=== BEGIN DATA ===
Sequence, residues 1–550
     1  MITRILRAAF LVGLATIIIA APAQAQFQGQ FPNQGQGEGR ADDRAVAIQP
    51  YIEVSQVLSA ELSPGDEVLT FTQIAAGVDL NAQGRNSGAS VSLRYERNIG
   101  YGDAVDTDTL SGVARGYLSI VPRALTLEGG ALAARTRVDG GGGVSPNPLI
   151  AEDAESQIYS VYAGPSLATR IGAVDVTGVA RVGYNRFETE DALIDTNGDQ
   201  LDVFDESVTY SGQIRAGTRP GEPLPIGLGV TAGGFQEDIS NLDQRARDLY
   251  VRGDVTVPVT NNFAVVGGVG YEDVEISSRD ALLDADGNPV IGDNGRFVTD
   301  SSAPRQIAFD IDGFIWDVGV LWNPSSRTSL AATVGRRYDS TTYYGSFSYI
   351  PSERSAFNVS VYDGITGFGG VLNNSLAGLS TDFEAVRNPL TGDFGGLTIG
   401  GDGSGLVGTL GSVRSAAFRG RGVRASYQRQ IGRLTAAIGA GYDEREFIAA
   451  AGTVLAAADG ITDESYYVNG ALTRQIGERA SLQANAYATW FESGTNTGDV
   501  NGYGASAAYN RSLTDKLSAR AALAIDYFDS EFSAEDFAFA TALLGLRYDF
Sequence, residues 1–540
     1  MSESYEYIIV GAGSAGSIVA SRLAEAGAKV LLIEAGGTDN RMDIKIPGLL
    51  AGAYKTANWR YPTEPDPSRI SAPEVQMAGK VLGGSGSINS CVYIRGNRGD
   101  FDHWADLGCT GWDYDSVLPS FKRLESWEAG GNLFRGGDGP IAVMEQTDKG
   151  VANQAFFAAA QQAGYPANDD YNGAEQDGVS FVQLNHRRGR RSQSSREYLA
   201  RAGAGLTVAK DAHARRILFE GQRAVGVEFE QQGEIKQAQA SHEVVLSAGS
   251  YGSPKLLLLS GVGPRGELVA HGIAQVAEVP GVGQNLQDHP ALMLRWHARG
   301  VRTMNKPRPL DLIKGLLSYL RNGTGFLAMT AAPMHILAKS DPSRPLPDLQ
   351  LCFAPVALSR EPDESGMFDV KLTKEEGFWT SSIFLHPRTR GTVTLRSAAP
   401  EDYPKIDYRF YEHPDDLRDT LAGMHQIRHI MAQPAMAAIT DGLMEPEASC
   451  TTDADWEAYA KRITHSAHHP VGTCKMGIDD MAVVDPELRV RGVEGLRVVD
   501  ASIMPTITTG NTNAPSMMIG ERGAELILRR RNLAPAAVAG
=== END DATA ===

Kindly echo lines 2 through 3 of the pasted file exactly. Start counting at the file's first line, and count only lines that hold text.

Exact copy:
     1  MITRILRAAF LVGLATIIIA APAQAQFQGQ FPNQGQGEGR ADDRAVAIQP
    51  YIEVSQVLSA ELSPGDEVLT FTQIAAGVDL NAQGRNSGAS VSLRYERNIG